Remembering Distinguished Jamaicans – Sir John Stanley Mordecai
Sir John Stanley Mordecai, 1903-1986, was an exemplary civil servant at the national and regional levels. He was a senior executive engaged in the establishment of the West Indies Federation, 1952-1962. It was said that Sir John always strived for excellence in everything he did.
Mordecai was born in Kingston on October 21, 1903, the son of Sigismund Theophilus Mordecai, a tobacconist, and his wife, Marie Adina Smith. He had an older brother, Jabez Theophilus, born in 1900.
Following his primary education, he attended Wolmer’s Boys’ School, 1915-1920.
He entered the civil service in 1920 as a clerk and was employed in the Treasury Department up to 1942. He was secretary to the War Risk Insurance Board, 1942-1943.
John Mordecai was awarded a Government Scholarship and studied at Syracuse University in New York state, earning a degree in public administration.
Thereafter, he was appointed assistant island treasurer and given responsibility for special projects, including the Mona Reservoir scheme. He later became trade administrator, 1948-1950.
From there, he was seconded to the Colonial Office in London, 1950-1952, and then went on to serve as secretary-general of the West Indies Regional Economic Committee, which did the preparatory work for establishing the West Indies Federation from 1952-58. He was appointed federal secretary and was the chief official when the federal government was established in 1958. From 1961-62, he was deputy federal governor general. He was knighted in 1956.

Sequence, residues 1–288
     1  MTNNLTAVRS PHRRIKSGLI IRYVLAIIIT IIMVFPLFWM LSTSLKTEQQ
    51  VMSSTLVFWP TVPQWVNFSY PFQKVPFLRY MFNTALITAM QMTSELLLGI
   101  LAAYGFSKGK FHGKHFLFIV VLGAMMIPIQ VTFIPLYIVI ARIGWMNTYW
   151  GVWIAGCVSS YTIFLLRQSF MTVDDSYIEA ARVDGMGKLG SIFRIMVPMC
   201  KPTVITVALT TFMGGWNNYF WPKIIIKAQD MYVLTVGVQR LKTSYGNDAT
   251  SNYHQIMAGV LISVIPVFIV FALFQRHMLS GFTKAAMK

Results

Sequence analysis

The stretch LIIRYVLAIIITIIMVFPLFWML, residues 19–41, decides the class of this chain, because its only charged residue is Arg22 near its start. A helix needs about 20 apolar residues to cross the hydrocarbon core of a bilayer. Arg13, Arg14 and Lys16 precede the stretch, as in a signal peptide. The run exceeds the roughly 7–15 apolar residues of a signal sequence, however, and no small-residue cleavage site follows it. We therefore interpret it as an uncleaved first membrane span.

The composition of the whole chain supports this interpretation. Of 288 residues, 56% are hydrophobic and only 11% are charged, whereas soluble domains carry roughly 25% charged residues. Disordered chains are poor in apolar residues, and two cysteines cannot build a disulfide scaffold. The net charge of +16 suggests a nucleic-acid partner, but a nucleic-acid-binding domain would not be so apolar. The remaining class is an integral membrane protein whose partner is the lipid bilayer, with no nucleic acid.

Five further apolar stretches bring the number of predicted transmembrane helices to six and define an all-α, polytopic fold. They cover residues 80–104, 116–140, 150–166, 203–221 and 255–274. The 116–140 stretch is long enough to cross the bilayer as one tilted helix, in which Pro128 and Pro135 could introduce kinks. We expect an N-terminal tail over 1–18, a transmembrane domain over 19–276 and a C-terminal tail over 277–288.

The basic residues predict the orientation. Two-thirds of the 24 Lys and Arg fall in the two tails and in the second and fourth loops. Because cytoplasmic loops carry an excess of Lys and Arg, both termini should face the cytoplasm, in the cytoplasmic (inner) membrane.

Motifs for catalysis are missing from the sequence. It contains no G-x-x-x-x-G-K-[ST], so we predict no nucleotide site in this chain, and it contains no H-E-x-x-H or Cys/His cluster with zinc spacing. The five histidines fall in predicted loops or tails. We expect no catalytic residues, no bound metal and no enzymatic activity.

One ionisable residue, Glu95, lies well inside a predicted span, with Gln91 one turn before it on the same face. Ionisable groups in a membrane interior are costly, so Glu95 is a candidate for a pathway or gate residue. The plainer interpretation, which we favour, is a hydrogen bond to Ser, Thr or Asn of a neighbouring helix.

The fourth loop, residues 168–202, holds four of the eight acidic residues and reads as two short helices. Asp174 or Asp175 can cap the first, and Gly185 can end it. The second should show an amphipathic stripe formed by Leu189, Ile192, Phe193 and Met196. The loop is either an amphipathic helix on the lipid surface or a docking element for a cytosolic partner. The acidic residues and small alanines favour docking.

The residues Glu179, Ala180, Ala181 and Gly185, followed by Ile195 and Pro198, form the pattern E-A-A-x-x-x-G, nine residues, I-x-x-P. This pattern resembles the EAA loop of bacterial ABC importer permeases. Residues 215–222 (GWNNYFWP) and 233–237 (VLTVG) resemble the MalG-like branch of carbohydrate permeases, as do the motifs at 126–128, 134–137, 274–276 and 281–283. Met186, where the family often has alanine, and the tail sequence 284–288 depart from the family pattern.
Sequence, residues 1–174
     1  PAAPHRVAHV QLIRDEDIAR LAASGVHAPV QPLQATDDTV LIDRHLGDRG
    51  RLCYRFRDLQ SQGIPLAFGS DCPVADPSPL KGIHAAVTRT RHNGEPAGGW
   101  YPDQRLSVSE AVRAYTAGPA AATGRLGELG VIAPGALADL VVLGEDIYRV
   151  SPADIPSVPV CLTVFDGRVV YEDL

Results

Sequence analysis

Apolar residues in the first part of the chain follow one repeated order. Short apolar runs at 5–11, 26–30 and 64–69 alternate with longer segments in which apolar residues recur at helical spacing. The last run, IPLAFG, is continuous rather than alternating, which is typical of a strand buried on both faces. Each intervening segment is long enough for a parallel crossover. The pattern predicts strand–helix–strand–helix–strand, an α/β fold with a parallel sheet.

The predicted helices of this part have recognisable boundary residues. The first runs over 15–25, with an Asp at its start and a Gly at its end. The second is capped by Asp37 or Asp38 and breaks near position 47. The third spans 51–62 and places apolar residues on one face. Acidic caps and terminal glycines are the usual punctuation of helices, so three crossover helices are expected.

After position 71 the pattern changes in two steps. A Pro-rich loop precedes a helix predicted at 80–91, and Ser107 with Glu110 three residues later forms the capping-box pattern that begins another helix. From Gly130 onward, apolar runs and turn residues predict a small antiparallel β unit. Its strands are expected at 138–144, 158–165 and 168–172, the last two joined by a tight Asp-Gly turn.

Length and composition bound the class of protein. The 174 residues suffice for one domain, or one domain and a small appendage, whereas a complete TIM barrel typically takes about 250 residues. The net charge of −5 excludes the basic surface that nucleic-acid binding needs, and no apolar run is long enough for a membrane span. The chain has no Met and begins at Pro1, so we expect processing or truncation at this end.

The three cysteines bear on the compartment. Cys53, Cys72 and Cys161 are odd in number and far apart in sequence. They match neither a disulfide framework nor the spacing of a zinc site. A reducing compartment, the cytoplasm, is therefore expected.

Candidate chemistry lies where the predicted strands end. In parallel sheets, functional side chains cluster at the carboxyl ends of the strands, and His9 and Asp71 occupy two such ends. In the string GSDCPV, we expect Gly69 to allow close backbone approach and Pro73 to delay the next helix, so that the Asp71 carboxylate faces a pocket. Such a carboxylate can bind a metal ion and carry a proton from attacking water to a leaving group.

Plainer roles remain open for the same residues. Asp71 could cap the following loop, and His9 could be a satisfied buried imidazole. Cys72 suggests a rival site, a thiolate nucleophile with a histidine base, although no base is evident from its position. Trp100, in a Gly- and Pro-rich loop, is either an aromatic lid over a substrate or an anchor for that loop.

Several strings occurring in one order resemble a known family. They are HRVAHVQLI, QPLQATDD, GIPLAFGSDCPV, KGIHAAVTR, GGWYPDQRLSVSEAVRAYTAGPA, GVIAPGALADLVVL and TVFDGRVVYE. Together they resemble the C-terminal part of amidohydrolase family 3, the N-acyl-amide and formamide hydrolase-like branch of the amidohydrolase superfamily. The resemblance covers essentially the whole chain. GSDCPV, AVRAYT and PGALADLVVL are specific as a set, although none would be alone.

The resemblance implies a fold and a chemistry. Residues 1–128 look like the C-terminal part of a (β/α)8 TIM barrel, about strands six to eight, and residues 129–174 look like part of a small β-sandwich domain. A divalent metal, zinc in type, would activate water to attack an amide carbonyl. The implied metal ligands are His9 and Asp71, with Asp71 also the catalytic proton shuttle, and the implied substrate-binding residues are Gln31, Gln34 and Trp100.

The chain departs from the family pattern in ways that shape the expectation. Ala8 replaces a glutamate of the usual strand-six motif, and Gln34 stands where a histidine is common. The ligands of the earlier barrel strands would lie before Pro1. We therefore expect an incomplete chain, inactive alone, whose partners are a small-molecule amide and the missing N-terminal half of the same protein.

The WI Federation was dissolved in 1962 after Jamaica voted in a 1961 referendum to leave.
In the aftermath, Sir John received a fellowship to Princeton University to examine the break-up of the West Indies Federation. He wrote a book, The West Indies: The Federal Negotiations, and several journal articles on the Federation.
Returning to Jamaica, he was always busy. He was general manager of the Jamaica Industrial Development Corporation, 1962-1963; Chairman of the Public Service Commission, 1963-1964, Chairman of the Sugar Commission of Inquiry, 1966-68; and Director of the UWI Planning Unit until 1971. It is not clear if Sir John ever formally retired.
He was an avid sportsman who had a keen interest in cricket, which he played as a member of the Kensington Cricket Club. Sir John was a horseracing aficionado and was a founding member and a chairman of the Jamaica Racing Commission. He was described as the complete racing man and was associated with the sport as an owner and administrator for over 50 years. He was admitted to the Thoroughbred Hall of Fame.
He had also played billiards competitively.
Mordecai married Pearl Kathleen Redmond on April 8, 1929, at the Holy Trinity Cathedral. They had six children - Barbara, Jean, Juliet, Allison, Martin, and Bryan. Pearl died suddenly on September 28, 1947, age 35. His son, the late Martin Manley Mordecai, civil servant, diplomat, and journalist, was married to noted poet Pamela Hitchins Mordecai.
On April 10, 1951, John Mordecai married for the second time to Phyllis Walcott, who had attended St Hilda’s and was a food control officer at the Office of the Trade Administrator. They had a son, Jeffrey, now an attorney-at-law, who also attended Wolmer’s and was a very good cricketer. Lady Mordecai died in August 2001.
Though Sir John Mordecai and his family were Christians, the Mordecais in Jamaica were most likely of Jewish origin.
Sir John Mordecai died on August 2, 1986, aged 82, having batted a sterling innings.
Contributed by Marcia Thomas